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Utility uses homeland security law to keep data secret

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NEWS MEDIA UPDATE   ·   NEW JERSEY   ·   Freedom of Information   ·   July 12, 2005

NEWS MEDIA UPDATE   ·   NEW JERSEY   ·   Freedom of Information   ·   July 12, 2005


Utility uses homeland security law to keep data secret

  • The federal Department of Homeland Security has designated a New Jersey town’s electronic mapping data to be “critical infrastructure information” protected from public disclosure.

July 12, 2005  ·   The governing body of a New Jersey municipal utility has circumvented an open records request for electronic mapping data by submitting the data as secret “critical infrastructure information” to the U.S. Department of Homeland Security. The department approved the utility’s submission as CII in a June 5 letter.

By so designating the geographic information system data, the Brick Township Municipal Utilities Authority may withhold the information from the public, including New Jersey resident R. Bradley Tombs who requested it in 2003. The authority’s original mission was ensuring the operation of the city’s water and sewer systems and to bill customers. In the early 1990’s, the agency also assumed control of the township’s electronic mapping system which manages land parcels for property tax purposes.

Though willing to release paper copies of its maps for $5 apiece, the agency refused to provide electronic access to them. When confronted with Tombs’ open records request, the utility voluntarily submitted the data to federal homeland security officials, and petitioned for and won its designation as protected information under the Critical Infrastructure Information Act of 2002.

Although the Homeland Security Department defines CII, it allows submitters to use their discretion in determining what qualifies. DHS defines CII as information relating to the security of critical infrastructure — systems and assets so vital to the nation’s well-being that their incapacity or destruction could jeopardize security, public health or safety.

The CII Act protects voluntary submissions of CII from freedom of information disclosure so long as the information is not customarily in the public domain. Kevin Donald, the municipal authority’s executive director, said in an affidavit attached to the submission to the Homeland Security Department that the “totality of the [Brick Township] GIS database, in a digital format, is information that is not customarily in the public domain.”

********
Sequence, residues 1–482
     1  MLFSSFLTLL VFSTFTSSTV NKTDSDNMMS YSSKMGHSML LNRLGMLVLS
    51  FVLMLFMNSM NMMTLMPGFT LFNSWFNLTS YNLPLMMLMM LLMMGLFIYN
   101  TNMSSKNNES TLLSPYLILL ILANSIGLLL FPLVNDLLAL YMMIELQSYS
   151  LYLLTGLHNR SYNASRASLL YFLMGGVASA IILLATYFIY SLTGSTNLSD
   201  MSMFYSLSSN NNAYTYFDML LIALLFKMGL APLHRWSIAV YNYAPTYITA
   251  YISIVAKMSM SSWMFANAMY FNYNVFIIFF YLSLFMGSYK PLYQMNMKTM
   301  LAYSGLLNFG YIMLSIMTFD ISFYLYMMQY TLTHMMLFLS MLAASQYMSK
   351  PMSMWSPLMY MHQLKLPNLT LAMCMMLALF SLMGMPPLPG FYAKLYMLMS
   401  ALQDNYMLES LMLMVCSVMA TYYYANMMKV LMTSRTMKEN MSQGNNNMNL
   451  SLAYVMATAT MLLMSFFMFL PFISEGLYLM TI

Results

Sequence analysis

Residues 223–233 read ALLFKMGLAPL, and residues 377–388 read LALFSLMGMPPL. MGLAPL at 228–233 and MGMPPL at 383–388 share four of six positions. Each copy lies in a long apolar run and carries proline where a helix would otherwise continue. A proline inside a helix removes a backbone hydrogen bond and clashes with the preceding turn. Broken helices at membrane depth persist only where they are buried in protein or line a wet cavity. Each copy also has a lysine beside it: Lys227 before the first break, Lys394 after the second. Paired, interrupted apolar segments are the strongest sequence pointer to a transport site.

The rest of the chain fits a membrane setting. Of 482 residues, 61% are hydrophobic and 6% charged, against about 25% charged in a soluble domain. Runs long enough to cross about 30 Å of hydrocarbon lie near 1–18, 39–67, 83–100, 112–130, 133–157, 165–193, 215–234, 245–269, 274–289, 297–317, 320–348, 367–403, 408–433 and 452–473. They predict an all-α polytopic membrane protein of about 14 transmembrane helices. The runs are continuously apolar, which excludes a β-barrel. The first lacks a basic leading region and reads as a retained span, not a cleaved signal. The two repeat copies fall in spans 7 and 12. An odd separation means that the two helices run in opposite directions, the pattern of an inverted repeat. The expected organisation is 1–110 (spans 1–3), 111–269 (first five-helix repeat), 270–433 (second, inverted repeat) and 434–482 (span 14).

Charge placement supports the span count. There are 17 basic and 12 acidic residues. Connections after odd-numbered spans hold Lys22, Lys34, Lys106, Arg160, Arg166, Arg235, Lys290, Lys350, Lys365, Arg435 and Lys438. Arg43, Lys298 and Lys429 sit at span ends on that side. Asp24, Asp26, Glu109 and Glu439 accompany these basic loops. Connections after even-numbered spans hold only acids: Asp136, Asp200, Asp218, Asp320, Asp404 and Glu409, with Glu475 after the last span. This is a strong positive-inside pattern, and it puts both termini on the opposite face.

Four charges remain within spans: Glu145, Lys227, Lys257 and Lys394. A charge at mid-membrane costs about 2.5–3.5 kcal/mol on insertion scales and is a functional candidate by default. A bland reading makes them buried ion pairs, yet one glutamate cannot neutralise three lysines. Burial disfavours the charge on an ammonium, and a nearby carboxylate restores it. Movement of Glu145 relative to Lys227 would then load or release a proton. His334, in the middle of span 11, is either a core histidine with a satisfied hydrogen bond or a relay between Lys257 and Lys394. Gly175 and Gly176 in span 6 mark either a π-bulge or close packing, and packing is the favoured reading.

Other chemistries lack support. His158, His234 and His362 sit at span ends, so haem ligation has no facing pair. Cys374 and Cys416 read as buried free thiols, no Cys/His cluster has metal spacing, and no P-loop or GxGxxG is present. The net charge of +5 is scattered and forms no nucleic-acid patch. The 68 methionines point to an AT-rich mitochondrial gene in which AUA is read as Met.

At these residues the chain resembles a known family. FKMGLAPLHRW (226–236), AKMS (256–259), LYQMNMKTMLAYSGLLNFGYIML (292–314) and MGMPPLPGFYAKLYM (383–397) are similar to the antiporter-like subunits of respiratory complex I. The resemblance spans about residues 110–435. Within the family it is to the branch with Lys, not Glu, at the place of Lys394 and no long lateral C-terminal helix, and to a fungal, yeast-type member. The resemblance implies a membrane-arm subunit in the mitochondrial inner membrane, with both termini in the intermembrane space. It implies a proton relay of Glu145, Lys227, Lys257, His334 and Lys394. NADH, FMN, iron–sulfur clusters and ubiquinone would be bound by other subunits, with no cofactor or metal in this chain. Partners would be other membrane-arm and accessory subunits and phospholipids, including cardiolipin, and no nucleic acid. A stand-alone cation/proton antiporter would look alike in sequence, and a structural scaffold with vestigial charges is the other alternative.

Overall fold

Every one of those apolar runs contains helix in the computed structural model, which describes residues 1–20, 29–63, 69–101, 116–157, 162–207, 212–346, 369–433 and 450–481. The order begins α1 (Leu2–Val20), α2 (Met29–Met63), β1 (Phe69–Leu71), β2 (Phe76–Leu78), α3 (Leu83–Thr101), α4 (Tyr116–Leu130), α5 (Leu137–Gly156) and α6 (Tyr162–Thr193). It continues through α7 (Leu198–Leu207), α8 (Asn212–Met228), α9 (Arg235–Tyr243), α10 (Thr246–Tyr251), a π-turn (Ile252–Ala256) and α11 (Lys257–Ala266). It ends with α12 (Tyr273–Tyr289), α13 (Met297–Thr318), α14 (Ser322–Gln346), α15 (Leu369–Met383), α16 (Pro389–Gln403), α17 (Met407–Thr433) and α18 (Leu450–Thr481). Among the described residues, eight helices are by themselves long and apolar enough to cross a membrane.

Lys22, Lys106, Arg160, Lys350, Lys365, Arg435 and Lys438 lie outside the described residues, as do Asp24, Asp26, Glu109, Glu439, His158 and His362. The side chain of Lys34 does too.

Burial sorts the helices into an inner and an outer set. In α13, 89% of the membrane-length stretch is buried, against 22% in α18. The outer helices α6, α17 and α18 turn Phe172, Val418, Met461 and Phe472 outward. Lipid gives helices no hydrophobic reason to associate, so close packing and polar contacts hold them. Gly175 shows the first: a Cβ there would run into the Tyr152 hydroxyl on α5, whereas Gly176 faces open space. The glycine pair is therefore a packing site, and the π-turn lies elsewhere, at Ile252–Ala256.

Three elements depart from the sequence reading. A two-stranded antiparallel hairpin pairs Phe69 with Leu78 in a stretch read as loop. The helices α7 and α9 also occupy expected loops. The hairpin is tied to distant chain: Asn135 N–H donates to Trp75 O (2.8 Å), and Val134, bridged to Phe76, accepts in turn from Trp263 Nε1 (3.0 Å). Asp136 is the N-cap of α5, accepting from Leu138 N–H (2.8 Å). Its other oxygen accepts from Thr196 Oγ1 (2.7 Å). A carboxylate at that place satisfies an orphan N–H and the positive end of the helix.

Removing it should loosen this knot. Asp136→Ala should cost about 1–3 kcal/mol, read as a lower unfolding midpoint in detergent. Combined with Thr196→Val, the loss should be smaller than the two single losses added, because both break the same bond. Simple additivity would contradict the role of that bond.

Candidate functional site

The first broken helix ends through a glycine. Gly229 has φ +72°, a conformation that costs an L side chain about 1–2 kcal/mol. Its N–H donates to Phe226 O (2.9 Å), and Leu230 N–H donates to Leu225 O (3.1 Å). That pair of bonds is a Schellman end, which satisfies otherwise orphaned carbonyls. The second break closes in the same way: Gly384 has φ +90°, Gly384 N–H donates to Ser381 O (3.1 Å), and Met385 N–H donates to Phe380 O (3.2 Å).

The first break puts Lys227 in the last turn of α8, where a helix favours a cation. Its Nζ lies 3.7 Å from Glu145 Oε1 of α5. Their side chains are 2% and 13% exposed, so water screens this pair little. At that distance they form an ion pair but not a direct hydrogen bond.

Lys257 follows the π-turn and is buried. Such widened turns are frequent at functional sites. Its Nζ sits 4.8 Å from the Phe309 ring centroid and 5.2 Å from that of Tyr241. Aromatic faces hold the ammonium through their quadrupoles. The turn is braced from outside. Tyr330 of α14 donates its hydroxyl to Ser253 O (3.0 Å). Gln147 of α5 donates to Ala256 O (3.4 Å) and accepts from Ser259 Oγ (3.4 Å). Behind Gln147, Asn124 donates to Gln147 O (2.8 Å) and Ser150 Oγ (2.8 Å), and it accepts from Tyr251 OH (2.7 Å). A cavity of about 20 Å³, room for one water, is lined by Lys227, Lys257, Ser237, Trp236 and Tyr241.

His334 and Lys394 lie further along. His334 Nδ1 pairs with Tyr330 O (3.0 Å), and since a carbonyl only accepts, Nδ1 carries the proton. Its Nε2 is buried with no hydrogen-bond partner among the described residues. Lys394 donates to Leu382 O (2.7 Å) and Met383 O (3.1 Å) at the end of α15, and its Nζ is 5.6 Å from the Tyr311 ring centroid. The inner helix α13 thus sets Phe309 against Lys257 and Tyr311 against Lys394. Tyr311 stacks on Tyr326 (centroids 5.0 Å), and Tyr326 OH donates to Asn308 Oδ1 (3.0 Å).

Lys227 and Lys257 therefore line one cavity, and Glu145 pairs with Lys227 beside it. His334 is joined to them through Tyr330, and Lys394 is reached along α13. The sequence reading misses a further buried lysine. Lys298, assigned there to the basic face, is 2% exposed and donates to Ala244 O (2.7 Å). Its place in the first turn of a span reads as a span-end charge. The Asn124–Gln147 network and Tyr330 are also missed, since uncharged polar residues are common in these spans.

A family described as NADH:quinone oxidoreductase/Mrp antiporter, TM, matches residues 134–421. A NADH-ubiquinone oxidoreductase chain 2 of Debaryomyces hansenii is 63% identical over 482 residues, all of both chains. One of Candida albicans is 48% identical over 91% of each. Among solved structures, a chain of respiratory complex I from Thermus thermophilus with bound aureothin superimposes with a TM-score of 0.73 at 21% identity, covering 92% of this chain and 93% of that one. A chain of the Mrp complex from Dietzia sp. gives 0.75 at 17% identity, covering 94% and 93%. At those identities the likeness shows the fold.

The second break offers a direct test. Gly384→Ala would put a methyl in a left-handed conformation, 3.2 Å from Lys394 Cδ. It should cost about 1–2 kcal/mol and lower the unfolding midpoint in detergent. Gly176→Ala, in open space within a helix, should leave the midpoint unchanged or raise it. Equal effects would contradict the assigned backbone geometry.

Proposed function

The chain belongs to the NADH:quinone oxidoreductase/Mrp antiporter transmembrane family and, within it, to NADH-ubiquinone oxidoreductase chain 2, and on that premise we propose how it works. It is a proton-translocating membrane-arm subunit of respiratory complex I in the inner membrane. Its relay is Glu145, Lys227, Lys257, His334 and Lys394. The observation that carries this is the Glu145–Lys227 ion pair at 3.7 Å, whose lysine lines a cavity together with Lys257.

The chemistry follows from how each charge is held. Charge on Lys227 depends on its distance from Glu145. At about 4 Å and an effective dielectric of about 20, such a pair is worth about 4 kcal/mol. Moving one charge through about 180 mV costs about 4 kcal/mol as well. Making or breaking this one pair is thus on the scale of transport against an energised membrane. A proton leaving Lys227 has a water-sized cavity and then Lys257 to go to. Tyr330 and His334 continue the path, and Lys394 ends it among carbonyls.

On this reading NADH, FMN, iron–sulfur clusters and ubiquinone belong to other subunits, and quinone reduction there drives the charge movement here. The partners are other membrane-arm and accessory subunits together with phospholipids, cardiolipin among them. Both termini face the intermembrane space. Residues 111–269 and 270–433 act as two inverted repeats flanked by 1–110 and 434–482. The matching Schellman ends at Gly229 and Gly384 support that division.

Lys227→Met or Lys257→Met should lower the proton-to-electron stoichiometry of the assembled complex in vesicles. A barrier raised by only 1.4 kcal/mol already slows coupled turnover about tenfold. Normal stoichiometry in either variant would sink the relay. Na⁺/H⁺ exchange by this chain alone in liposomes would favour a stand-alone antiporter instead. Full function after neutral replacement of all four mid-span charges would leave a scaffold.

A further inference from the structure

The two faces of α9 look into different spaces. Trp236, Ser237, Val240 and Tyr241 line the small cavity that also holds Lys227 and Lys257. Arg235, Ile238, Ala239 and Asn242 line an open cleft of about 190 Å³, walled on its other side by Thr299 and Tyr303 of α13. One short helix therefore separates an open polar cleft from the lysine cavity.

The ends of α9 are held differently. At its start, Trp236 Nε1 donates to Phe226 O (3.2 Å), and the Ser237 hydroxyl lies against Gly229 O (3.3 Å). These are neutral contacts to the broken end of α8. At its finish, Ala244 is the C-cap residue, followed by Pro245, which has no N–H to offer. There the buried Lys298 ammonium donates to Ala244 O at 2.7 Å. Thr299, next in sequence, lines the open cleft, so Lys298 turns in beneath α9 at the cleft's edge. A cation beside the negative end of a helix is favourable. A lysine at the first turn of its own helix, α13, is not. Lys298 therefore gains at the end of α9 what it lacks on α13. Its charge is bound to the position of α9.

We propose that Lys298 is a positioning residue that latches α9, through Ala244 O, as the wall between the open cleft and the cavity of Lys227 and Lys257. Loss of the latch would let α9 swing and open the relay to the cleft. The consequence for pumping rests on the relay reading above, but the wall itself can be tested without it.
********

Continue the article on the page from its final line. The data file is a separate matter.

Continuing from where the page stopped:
Tombs disagrees with that representation and said he believes that the GIS information’s status as a public record means that it is in the public domain. The municipal authority “doesn’t have the authority to make a determination if it’s a public record,” he said. “If it’s a public record then it’s in the public domain,” he said, adding that “the fact that they offered all the same information in paper form also proves that it’s in the public domain.”

“Now the question is whether or not the Department of Homeland Security will actually have a backbone and investigate” the veracity of the agency’s assertions, he added. “I’ve asked what the appeals process is, and there is none,” he said.

Steven Aftergood, project director at the Federation of American Scientists, noted that CII confidentiality is meant to encourage the voluntary submission of infrastructure security plans to the Homeland Security Department, especially by private industry. He added that the agency “seems to be using this statute as a tactic to evade open government laws more than as a way to support security.”

RL


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